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Speckled Easter Bunny Macarons

Posted February 26, 2021 by Viktorija Siskova

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These bunny macarons are a delicious dessert idea for your Easter basket or brunch! Not only are they incredibly cute, but they are also absolutely delicious.
Edibles:

Macaron Shells - Almond Paste

  • Fine, dry almond flour: 195g (63/4oz)
  • Silver Spoon Royal Icing Sugar: 150g (51/4oz)
  • Fresh egg whites: 62g (21/5oz), at room temperature
  • Rainbow Dust Professional Food Colour: Turquoise

Italian Meringue

  • Fresh egg whites: 62g (21/5oz), at room temperature
  • SK Essentials Pure Albumen: 2g (<1/4oz)
  • Silver Spoon Caster Sugar: 170g (53/4oz)
  • Still water: 42g (11/2oz)

Milk Chocolate Ganache With Marshmallow Centre

  • Double cream: 115g (4oz)
  • Callebaut Belgian Milk Chocolate Callets, 823NV (33.6% cocoa solids):172g (6oz)
  • Unsalted butter (82.5% fat): 30g (1oz)
  • Marshmallow fluff: 150g (51/4oz)

Decoration

Equipment:

  • Silicone macaron baking mats: 3
  • Aluminium, heavy-duty baking trays: 3
  • Piping bags: 2 large, 1 small
  • Wilton Round Decorating Tips: nos. 10 and 12
  • Fine sieve
  • Stainless steel or glass bowls: 3
  • Digital kitchen scales
  • Silicone spatulas: 2
  • Saucepans: 2 small
  • Stand mixer
  • CND Digital Candy Thermometer
  • Eventek Non-Contact Digital LCD Infrared Thermometer
  • CND Multi-Mount Oven Thermometer
  • Stand mixer
  • Non-stick rolling pin
  • Craft knife
  • Dense, stiff paintbrush
  • Rubber glove
  • Heatproof bowl
  • Hand blender
  • SK High-Quality Paintbrushes: nos. 1 and 4
  • PME Modelling Tool: Blade

The macaron shells recipe makes a batch of approximately 60 shells, equating to 30 sandwiched macarons.

Preparing the trays and piping bag

  1. Place the silicone macaron mats on individual baking trays. If your mat does not have circle guides for piping, then you can use the circle template provided. Trace the circles from the template onto individual pieces of parchment and then place one underneath each mat.
  2. Cut off the tip of a large piping bag and drop in a no. 12 piping nozzle. Twist the end of the bag with the nozzle and push it down into the tip itself – this will form a dead end and keep the batter from oozing out when you fill the bag (A). Place the twisted piping bag into a cup (nozzle first), then fold the wide end of the bag over the cup and set aside. This will make it easy to fill the bag later!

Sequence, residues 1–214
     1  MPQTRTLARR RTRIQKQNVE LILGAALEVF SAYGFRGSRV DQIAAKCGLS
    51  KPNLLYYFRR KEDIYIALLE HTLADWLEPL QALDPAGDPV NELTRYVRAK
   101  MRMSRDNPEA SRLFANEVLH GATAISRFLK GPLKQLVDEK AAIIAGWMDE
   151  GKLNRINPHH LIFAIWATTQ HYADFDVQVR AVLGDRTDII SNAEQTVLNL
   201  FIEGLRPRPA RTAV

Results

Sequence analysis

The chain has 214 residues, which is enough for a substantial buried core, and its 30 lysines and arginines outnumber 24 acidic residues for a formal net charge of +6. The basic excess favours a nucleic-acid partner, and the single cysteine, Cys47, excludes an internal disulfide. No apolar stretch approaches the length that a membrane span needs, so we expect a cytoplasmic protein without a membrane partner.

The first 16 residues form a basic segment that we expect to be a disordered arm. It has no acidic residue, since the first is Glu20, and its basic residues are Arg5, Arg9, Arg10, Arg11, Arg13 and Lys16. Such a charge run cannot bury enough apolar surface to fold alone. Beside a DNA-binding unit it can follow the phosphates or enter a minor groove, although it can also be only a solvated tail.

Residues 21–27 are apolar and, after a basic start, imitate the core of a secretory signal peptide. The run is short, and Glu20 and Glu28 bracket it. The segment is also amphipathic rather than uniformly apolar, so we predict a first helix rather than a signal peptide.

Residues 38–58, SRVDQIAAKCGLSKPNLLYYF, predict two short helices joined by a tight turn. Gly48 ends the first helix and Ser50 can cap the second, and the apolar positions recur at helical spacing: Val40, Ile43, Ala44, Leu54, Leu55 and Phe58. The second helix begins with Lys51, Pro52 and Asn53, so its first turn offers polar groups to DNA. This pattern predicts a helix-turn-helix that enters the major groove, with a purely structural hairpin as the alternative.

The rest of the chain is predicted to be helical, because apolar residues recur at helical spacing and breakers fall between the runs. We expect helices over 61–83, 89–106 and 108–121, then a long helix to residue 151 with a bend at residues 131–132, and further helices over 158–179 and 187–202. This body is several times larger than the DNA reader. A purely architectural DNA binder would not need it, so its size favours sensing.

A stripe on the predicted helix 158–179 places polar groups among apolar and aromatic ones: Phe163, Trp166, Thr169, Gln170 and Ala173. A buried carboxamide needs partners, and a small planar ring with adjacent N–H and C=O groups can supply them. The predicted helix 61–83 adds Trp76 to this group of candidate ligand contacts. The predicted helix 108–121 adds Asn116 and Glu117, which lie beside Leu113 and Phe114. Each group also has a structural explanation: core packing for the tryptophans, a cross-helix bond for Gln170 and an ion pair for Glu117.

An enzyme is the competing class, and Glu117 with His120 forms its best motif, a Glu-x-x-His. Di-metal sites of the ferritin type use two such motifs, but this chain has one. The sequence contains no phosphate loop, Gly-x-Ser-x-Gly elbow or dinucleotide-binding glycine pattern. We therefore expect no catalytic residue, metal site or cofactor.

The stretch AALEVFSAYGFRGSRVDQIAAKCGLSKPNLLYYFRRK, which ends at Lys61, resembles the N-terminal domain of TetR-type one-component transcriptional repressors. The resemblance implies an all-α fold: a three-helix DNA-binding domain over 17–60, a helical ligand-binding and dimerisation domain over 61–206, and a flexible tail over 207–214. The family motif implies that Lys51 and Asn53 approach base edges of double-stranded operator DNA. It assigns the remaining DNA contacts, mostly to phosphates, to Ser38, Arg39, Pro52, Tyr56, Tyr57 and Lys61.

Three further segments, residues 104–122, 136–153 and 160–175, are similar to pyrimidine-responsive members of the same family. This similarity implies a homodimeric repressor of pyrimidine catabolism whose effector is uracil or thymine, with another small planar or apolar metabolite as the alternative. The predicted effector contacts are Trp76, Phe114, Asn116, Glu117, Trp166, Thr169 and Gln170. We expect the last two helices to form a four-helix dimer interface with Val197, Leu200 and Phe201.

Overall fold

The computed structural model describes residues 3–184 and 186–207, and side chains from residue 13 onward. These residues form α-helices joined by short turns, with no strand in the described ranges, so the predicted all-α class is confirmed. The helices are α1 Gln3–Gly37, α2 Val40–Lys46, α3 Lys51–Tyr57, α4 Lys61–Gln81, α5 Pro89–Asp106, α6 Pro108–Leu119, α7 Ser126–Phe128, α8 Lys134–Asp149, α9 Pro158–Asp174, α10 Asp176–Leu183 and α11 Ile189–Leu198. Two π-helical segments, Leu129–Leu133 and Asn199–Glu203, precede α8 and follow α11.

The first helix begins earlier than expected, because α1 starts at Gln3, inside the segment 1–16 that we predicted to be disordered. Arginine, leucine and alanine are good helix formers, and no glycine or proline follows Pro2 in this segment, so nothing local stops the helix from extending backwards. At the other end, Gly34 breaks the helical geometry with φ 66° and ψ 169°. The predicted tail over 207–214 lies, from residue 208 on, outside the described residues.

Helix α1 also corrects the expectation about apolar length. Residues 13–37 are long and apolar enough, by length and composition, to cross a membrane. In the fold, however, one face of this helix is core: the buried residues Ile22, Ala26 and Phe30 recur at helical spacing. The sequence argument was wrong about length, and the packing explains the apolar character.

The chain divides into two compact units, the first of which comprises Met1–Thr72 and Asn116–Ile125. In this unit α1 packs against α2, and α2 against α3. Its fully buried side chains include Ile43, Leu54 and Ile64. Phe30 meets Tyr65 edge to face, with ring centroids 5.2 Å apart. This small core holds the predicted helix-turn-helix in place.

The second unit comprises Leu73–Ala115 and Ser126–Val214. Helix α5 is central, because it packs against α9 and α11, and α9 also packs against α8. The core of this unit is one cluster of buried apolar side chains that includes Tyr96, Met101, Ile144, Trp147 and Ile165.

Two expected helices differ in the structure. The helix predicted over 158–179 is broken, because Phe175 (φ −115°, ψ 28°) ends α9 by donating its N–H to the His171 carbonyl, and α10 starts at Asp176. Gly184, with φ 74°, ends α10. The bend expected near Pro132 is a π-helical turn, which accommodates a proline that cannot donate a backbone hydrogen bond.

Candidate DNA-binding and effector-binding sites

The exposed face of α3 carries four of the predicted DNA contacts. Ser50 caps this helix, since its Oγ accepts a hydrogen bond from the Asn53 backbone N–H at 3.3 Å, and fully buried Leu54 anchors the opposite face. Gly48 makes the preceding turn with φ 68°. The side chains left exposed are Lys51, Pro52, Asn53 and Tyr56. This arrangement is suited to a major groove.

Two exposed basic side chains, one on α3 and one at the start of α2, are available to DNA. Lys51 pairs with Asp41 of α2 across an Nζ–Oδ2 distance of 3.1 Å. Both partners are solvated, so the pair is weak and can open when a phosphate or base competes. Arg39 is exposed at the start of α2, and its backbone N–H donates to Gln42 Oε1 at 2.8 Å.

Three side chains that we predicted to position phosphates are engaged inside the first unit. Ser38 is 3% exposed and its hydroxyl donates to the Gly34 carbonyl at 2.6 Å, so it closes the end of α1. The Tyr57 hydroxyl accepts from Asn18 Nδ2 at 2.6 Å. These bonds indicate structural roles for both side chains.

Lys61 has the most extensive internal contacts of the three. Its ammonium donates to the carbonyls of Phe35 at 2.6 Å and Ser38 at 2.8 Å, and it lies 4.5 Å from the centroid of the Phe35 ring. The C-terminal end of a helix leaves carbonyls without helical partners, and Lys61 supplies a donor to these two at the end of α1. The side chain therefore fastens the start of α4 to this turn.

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Making the Macaron Shells

Almond Paste

  1. Sift the almond flour and icing sugar into a bowl and discard any large pieces of almond remaining in the sieve. Make sure you have the exact amount of each ingredient.
  2. Add the fresh egg whites and one drop of Turquoise food colouring into your sugar and almond mixture.
  3. Take a silicone spatula and start mixing all the ingredients together – it may seem dry at first but keep mixing and eventually everything will come together (B). Cover the almond paste with some cling film and set the bowl aside for later.

Italian Meringue

  1. Add the water and caster sugar into a small saucepan and carefully mix the ingredients together with a teaspoon. Attach a digital candy thermometer to the pot (it should be touching the bottom of the pot) and then place the pot on the hob. Do not turn the heat on just yet!
  2. Add the fresh egg whites into the mixing bowl of a stand mixer. Add the albumen (egg white) powder and gently mix with a fork or a small whisk. There will be some clumps, but they will dissolve later on (C).
  3. Turn the hob on a medium heat and let the water and sugar mixture start to simmer. By the time it reaches 110˚C (230˚F), turn your stand mixer on to a medium speed.
  4. Watch your egg whites and your sugar syrup closely. You only want the egg whites to get foamy; there should not be any liquid left. And do not take them to soft peaks. Your sugar syrup is only going to get to 118˚C (244.4˚F). If your egg whites are ready before your sugar syrup, just turn the mixer down to low or turn it off completely.
  5. Once your sugar syrup reaches 118˚C (244.4˚F), remove the thermometer, start your stand mixer if you stopped it, and slowly pour the sugar syrup into the foamy egg whites. As soon as all of the sugar syrup is added, set your timer to five minutes and keep the same speed. Make sure it is cool in your kitchen. The meringue should cool down to 30˚C (86˚F) within this set time – use your non-contact thermometer to check the temperature. Your meringue should be stiff but elastic; the tip should be slightly falling down (D).
  6. Remove the cling film from your almond paste and add half of your Italian meringue into the bowl. Fold it in until both parts are well combined and you do not see any white streaks.
  7. Add the rest of your meringue and start gently folding in circular motions without lifting the spatula. Scrape the batter from the bottom up from time to time, making sure all the batter gets folded well. Do not deflate the batter. It should end up being fluffy, voluminous and should slowly fall down the spatula (E).